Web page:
Literally chasing ambulances

April 15, 2009
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People often joke that some attorneys are just “ambulance chasers” but this weekend, Indiana University Maurer School of Law students are going to make that stereotype a reality.

Students have brought back the Ambulance Chase 5k after several years of being absent on campus. It’s a race sponsored by the law school’s Health Law Society and the Sports and Entertainment Law Society with proceeds benefiting the American Cancer Society.

Organizers said they want to raise money for charity while poking a little fun at their profession.

I think this is a brilliant idea and a good one to bring back to campus. A race in which law students may dress up in suits and dresses and literally chase after an ambulance is hilarious and a great way to bring attention to your cause. Organizers hope to have an actual ambulance lead the race, although I assume if they don’t have a real one, they will have something to use as a stand-in.

I’ve mentioned lawyer stereotypes in regards to lawyer jokes before in this blog. Although sometimes the stereotypes may be hurtful and untrue, at least these students are able to embrace them to their benefit. Besides, in today’s tough economy in which law students are struggling to find summer associate positions and jobs, it’s nice to take a break and be able to laugh at some not-so-nice stereotypes about your future profession. Hey, the race may even change a few people’s minds about how they view lawyers.

The race is open to the public and you can register the day of the race, April 18. You can also pre-register at IUAmbulanceChase@gmail.com. Cost is $15 and of course, you get a T-shirt.
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  1. "So we broke with England for the right to "off" our preborn progeny at will, and allow the processing plant doing the dirty deeds (dirt cheap) to profit on the marketing of those "products of conception." I was completely maleducated on our nation's founding, it would seem. (But I know the ACLU is hard at work to remedy that, too.)" Well, you know, we're just following in the footsteps of our founders who raped women, raped slaves, raped children, maimed immigrants, sold children, stole property, broke promises, broke apart families, killed natives... You know, good God fearing down home Christian folk! :/

  2. Who gives a rats behind about all the fluffy ranking nonsense. What students having to pay off debt need to know is that all schools aren't created equal and students from many schools don't have a snowball's chance of getting a decent paying job straight out of law school. Their lowly ranked lawschool won't tell them that though. When schools start honestly (accurately) reporting *those numbers, things will get interesting real quick, and the looks on student's faces will be priceless!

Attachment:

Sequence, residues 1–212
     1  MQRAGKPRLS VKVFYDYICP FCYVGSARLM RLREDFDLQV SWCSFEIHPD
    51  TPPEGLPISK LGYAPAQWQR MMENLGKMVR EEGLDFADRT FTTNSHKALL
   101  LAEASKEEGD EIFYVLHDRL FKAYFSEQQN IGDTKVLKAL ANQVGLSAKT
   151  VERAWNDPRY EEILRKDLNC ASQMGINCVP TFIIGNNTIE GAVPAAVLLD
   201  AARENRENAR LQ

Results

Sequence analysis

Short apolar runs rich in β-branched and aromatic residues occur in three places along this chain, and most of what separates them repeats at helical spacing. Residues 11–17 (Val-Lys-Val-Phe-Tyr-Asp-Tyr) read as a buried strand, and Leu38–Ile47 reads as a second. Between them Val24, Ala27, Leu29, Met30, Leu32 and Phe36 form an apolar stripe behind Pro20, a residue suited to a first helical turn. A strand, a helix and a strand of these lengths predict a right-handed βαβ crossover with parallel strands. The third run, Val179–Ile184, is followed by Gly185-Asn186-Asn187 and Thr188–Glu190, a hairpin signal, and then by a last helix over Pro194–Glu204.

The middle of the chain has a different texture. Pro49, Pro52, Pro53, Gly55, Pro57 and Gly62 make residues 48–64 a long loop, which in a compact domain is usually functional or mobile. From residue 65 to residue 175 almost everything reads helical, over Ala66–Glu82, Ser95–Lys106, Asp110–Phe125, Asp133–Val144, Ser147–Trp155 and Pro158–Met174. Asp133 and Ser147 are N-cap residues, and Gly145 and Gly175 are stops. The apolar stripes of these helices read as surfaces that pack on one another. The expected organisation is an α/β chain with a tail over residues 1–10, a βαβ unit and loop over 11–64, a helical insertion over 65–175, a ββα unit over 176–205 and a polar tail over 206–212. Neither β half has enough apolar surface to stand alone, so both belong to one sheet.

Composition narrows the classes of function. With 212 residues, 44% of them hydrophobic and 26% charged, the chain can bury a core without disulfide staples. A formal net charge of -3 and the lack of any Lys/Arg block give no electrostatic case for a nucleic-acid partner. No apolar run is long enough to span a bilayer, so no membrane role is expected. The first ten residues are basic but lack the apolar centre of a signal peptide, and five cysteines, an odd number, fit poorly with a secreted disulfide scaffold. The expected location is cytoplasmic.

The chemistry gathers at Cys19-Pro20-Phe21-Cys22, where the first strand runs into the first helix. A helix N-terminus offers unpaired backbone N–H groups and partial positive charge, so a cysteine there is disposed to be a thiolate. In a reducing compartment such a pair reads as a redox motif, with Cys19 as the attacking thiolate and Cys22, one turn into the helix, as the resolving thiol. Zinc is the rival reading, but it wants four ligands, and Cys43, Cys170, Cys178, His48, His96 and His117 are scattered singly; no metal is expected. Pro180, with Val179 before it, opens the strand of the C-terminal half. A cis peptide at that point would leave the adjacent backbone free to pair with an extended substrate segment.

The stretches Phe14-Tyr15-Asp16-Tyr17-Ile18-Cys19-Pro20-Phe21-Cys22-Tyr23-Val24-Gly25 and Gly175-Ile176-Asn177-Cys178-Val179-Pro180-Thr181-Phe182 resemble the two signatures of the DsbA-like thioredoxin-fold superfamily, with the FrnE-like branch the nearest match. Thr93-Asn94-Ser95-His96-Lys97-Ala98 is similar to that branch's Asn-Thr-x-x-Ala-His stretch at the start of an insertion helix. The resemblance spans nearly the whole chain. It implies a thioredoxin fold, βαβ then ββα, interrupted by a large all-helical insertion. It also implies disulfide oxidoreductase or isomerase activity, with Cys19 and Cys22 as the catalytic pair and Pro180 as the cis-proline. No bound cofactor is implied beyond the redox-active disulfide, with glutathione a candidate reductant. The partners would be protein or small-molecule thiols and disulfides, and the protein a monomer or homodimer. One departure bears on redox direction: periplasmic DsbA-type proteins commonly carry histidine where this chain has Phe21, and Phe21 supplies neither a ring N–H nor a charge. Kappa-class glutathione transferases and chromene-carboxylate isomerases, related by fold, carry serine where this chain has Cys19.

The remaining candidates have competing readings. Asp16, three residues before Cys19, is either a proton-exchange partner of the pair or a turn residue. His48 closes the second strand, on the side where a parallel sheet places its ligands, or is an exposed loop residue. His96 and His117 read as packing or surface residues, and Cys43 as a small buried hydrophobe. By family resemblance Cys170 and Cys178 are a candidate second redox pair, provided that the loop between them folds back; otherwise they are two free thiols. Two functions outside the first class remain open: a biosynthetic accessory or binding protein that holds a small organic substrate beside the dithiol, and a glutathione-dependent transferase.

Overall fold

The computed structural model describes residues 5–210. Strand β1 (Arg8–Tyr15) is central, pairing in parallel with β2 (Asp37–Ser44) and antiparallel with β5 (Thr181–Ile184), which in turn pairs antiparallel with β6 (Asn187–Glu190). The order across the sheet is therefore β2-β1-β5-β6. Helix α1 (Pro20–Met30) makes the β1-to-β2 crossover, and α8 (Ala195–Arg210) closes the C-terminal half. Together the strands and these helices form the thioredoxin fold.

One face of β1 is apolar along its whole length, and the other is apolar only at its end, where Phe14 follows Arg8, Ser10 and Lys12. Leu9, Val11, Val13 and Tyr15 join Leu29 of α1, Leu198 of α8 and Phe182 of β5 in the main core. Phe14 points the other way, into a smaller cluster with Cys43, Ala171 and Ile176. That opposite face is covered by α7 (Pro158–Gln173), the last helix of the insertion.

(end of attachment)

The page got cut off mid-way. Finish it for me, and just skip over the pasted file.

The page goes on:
3. Whilst it may be true that Judges and Justices enjoy such freedom of time and effort, it certainly does not hold true for the average working person. To say that one must 1) take a day or a half day off work every 3 months, 2) gather a list of information including recent photographs, and 3) set up a time that is convenient for the local sheriff or other such office to complete the registry is more than a bit near-sighted. This may be procedural, and hence, in the near-sighted minds of the court, not 'punishment,' but it is in fact 'punishment.' The local sheriffs probably feel a little punished too by the overwork. Registries serve to punish the offender whilst simultaneously providing the public at large with a false sense of security. The false sense of security is dangerous to the public who may not exercise due diligence by thinking there are no offenders in their locale. In fact, the registry only informs them of those who have been convicted.

  4. Unfortunately, the court doesn't understand the difference between ebidta and adjusted ebidta as they clearly got the ruling wrong based on their misunderstanding

  5. A common refrain in the comments on this website comes from people who cannot locate attorneys willing put justice over retainers. At the same time the judiciary threatens to make pro bono work mandatory, seemingly noting the same concern. But what happens to attorneys who have the chumptzah to threatened the legal status quo in Indiana? Ask Gary Welch, ask Paul Ogden, ask me. Speak truth to power, suffer horrendously accordingly. No wonder Hoosier attorneys who want to keep in good graces merely chase the dollars ... the powers that be have no concerns as to those who are ever for sale to the highest bidder ... for those even willing to compromise for $$$ never allow either justice or constitutionality to cause them to stand up to injustice or unconstitutionality. And the bad apples in the Hoosier barrel, like this one, just keep rotting.

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